My challenge to you is to give your Famine away. Create space for your students to lead and learn. In fact, the more hands-off you can be with 30 Hour Famine, the better the experience will be. Is this direction messy? Of course. Will some of the students who express interest and take charge of certain roles fail? Most likely. Does Famine have the potential of being “not as good” as years past? I don’t think so. From my experience, the more students are in charge, taking leadership, the more the other students will buy into it.

It’s really interesting to see how students grow by having them:

  • On stage speaking
  • Writing devotional material
  • Configuring and designing games
  • Gathering supplies
  • Running check-in

I’m constantly amazed by the middle schoolers who can lead just as well as high schoolers, and even better than me. It shouldn’t be a question of age and wisdom, but rather of heart and desire. One of our best Famine experiences was when we gave the speaking and organizing role over to one of our seniors and let him direct the entire weekend. Was it tough? Yes. Was it worth it? Incredibly.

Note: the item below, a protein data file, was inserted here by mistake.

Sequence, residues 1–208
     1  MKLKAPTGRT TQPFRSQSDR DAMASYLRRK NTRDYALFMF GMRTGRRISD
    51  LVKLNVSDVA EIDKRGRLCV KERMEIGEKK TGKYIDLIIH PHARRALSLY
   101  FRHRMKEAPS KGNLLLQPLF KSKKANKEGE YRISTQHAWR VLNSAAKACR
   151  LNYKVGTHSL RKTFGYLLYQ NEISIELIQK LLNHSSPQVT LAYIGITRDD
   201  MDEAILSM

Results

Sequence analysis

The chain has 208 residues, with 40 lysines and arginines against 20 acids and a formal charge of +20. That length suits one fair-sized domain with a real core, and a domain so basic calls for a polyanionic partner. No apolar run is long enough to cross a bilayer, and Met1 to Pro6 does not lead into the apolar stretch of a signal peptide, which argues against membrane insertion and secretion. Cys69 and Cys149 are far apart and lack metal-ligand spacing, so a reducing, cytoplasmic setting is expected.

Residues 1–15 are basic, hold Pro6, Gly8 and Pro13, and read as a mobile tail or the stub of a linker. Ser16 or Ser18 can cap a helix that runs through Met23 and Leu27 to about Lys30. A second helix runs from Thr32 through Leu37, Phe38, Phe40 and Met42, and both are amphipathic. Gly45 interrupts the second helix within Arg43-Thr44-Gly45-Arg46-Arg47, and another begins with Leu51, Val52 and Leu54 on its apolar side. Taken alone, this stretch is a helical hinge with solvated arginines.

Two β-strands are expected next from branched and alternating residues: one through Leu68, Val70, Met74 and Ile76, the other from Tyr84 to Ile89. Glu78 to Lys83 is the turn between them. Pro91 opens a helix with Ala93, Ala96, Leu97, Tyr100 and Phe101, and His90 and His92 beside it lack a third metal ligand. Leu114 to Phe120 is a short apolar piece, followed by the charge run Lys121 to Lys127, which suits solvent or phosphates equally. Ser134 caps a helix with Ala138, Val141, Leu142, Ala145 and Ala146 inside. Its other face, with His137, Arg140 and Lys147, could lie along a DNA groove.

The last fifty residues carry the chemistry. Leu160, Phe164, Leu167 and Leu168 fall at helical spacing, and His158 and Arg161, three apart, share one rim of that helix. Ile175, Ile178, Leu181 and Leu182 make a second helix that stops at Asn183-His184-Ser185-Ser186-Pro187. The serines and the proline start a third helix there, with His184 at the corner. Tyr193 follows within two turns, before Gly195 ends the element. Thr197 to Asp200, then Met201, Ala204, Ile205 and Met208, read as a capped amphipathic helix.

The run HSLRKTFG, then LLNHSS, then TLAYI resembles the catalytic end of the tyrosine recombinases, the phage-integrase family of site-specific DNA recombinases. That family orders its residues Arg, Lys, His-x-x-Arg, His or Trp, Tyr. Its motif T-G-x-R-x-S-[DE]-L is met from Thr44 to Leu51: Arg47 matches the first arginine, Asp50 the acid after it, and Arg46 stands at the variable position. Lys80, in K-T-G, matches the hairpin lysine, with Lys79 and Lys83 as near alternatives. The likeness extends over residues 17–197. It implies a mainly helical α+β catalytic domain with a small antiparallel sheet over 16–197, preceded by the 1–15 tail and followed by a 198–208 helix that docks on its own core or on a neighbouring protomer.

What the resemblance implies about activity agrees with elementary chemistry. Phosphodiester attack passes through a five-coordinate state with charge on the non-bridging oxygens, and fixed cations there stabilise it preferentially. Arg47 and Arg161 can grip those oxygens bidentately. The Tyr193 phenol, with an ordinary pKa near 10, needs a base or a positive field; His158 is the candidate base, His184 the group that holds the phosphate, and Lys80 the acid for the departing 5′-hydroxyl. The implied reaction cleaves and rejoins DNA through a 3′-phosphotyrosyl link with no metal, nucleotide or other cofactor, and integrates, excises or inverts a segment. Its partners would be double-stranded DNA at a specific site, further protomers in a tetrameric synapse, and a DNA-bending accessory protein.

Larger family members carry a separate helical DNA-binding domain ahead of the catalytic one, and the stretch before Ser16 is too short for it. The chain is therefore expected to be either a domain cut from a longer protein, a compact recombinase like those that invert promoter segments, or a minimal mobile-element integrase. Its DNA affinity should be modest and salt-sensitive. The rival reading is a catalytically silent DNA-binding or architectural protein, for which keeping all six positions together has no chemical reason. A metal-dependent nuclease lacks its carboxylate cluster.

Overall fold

Too often we feel we have the “best solutions” and forget that it’s not about us; it’s about the students.

Imagine: would Frodo have grown if Gandalf had taken the ring to Mordor instead? Would Frodo have come back wiser, acknowledged as an elf-friend, garnering respect? Would Sam have added on his loyalty and leadership traits to eventually become Mayor of the Shire? Sure the journey was grim, but it was worth it.

What would it look like to relinquish control and give your 30 Hour Famine away to a group of students? This time around, let them make the decisions. Help them and guide them, of course. Give them the room to breathe and rise and fail. But always be there to carry them home on the backs of eagles.